Angels manager Mike Scioscia said Mike Trout needed a day off. (Jeff Gross/Getty Images)
Mike Trout's name was missing from the starting lineup of Wednesday's Angels' home finale. Manager Mike Scioscia explained that an exhausted Trout needed a rest.
According to the Los Angeles Times, Trout has played in 77 of the Angels' 80 home games and his last day off was Aug. 21. His recent slump has included one hit and eight strikeouts in his last 14 at-bats. Wednesday's start on the bench will just be a breather. Scioscia expects Trout to play in the Angels' season-closing series in Texas.
"He's played about 80 games here," Scioscia said. "He's played a lot. It's a day off that is long overdue for him."
"He's out of sync," Scioscia said. "He's been grinding. He just needs to exhale a little bit. In the batter's box, I think he's pressing a little bit."
Despite the short slump -- and the fact that he's unlikely to get to 200 hits, Trout still ranks high in American League statistics. He ranks first in the AL in walks and runs; second in batting average, on-base percentage, extra-base hits and triples; and fourth in hits and slugging percentage.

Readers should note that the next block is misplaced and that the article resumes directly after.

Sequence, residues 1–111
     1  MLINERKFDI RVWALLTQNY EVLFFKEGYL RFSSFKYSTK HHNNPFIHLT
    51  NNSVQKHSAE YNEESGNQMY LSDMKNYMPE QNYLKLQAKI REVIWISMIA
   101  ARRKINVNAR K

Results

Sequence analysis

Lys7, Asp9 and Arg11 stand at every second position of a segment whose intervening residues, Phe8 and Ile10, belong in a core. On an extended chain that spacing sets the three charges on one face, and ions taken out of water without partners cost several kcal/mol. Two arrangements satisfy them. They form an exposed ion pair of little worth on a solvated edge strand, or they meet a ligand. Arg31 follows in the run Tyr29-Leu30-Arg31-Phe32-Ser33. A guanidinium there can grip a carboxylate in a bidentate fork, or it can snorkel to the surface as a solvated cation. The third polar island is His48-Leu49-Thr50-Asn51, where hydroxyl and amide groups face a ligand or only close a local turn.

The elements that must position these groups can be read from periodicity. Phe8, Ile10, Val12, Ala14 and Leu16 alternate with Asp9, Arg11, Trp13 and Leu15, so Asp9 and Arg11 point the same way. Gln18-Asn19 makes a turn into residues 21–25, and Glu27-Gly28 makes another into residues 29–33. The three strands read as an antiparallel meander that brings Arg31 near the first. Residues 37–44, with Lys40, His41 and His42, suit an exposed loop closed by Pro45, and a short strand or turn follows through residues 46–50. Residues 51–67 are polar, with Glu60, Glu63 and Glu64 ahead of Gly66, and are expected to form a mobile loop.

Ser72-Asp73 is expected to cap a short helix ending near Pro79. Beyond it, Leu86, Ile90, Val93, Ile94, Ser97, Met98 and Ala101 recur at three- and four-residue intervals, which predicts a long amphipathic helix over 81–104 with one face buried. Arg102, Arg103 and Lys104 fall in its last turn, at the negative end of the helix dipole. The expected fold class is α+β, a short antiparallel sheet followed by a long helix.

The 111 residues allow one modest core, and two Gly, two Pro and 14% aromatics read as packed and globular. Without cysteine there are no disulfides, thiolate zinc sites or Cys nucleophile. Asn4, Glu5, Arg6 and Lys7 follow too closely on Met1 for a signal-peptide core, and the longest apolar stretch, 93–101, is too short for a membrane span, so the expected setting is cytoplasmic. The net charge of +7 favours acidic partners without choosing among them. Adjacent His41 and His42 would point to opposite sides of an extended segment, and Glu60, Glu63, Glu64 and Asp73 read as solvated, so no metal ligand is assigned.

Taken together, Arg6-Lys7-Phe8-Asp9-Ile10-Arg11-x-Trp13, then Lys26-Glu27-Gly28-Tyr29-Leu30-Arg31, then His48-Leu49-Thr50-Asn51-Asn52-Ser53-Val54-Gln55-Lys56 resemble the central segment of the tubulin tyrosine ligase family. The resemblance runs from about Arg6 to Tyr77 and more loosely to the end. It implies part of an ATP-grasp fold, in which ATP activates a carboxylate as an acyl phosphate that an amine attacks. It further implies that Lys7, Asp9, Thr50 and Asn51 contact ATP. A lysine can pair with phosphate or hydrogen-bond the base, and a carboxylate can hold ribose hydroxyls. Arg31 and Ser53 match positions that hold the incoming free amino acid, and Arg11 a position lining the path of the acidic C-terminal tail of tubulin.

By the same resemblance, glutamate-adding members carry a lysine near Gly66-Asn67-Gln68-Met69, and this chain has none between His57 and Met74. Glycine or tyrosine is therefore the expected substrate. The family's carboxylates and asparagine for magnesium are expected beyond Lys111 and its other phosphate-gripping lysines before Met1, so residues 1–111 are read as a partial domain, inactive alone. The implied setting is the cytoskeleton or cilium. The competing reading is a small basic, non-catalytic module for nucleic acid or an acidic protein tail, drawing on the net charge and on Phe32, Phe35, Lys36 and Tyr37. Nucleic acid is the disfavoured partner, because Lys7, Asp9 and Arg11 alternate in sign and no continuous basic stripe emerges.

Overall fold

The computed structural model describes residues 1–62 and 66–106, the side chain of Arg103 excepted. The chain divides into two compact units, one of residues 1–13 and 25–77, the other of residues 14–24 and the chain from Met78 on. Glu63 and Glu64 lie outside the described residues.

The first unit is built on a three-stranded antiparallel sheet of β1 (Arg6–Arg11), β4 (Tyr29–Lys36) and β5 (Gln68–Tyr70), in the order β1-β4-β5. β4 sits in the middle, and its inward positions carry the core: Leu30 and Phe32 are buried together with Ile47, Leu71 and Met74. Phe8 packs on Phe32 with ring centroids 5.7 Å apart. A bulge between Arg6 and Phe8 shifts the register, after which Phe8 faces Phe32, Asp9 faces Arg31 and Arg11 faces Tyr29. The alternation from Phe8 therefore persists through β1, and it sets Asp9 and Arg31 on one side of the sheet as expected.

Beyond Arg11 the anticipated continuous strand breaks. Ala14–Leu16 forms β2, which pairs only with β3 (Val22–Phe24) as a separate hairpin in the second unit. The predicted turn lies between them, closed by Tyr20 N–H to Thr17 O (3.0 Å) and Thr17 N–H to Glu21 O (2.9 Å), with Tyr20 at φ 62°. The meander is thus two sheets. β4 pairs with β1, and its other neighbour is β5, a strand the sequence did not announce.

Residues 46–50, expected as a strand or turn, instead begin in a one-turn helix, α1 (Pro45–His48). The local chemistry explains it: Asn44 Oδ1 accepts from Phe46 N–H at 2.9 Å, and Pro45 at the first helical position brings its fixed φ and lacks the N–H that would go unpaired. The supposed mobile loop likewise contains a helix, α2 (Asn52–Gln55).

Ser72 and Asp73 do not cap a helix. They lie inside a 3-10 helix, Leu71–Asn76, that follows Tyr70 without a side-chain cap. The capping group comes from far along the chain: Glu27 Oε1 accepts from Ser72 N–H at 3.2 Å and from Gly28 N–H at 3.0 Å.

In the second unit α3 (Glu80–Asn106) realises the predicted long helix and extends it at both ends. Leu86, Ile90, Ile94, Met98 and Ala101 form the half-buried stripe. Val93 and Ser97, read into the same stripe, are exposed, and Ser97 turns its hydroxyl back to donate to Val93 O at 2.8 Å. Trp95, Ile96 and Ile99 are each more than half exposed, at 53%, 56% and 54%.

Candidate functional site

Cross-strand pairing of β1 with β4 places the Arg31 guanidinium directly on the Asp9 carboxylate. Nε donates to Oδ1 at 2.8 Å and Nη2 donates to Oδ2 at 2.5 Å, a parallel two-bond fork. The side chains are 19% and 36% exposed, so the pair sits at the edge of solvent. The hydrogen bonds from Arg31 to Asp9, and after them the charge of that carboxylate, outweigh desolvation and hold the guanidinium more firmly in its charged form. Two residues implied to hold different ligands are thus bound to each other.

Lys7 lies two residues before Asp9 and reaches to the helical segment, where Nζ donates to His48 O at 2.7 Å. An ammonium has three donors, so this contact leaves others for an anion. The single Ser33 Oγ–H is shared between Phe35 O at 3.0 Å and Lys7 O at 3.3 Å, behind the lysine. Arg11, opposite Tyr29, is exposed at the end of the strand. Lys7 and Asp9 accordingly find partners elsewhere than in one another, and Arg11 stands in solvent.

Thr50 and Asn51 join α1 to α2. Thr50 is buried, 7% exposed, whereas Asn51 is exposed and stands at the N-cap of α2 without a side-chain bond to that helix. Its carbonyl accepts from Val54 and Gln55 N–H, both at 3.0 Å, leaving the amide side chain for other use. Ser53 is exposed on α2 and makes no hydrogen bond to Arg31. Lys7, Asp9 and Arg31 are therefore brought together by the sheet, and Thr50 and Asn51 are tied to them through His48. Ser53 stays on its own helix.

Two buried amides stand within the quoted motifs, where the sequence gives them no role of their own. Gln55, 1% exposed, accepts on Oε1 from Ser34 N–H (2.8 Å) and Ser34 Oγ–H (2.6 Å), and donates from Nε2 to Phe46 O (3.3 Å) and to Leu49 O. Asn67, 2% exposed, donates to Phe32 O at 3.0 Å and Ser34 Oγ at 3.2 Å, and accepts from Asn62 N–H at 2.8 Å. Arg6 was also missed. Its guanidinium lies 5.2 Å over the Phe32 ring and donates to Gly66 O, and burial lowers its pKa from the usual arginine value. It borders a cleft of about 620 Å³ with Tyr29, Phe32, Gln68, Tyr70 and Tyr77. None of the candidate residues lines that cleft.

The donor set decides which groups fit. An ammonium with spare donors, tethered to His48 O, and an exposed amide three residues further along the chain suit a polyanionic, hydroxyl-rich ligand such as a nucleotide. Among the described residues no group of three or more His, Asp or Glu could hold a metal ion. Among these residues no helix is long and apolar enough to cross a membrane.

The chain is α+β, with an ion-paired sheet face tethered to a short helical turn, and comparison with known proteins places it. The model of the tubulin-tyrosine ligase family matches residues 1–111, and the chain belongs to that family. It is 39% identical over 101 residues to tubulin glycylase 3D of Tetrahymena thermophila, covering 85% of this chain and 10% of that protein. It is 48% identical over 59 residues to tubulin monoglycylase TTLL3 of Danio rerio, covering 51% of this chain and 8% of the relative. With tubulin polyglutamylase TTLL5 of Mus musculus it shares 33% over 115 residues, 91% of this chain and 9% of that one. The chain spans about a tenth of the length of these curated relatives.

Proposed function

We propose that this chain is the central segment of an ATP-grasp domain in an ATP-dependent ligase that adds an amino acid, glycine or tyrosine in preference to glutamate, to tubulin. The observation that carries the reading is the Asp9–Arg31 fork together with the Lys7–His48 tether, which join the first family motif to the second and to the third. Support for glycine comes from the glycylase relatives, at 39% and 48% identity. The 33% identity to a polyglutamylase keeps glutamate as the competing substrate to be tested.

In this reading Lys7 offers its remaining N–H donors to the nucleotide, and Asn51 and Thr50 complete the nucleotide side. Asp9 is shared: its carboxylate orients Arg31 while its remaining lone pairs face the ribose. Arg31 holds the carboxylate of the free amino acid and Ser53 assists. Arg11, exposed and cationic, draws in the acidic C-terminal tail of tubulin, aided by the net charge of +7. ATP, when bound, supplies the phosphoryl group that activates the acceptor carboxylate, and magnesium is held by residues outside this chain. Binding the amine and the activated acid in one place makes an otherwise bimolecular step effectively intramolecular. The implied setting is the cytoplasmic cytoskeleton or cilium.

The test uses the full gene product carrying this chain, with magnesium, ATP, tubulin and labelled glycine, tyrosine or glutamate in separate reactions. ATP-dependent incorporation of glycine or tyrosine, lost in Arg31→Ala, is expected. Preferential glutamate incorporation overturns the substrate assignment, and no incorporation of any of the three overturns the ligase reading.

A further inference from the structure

Trout remains within reach of setting several statistical milestones against the Rangers. He is a double and a triple shy of becoming the first 10-20-30-40 player in major league history with 10 triples, 20 home runs, 30 stolen bases and 40 doubles.
Earlier this season Trout became the first player in AL history with 25 homers, 30 steals and 100 walks in a season, as well as the first with 30 steals, 70 extra-base hits and 100 walks. He joined Joe DiMaggio, Ted Williams and teammate Albert Pujols as the only MLB players to produce 50 home runs, 200 runs and a .320 batting average through their first two full seasons.
Trout cannot file for free agency until after the 2017 season but alluded to it in the Times:
"It's about time to start looking for a house," Trout said. “I'm trying to see what direction my career takes me. Do I want to buy a house out here or some other place?"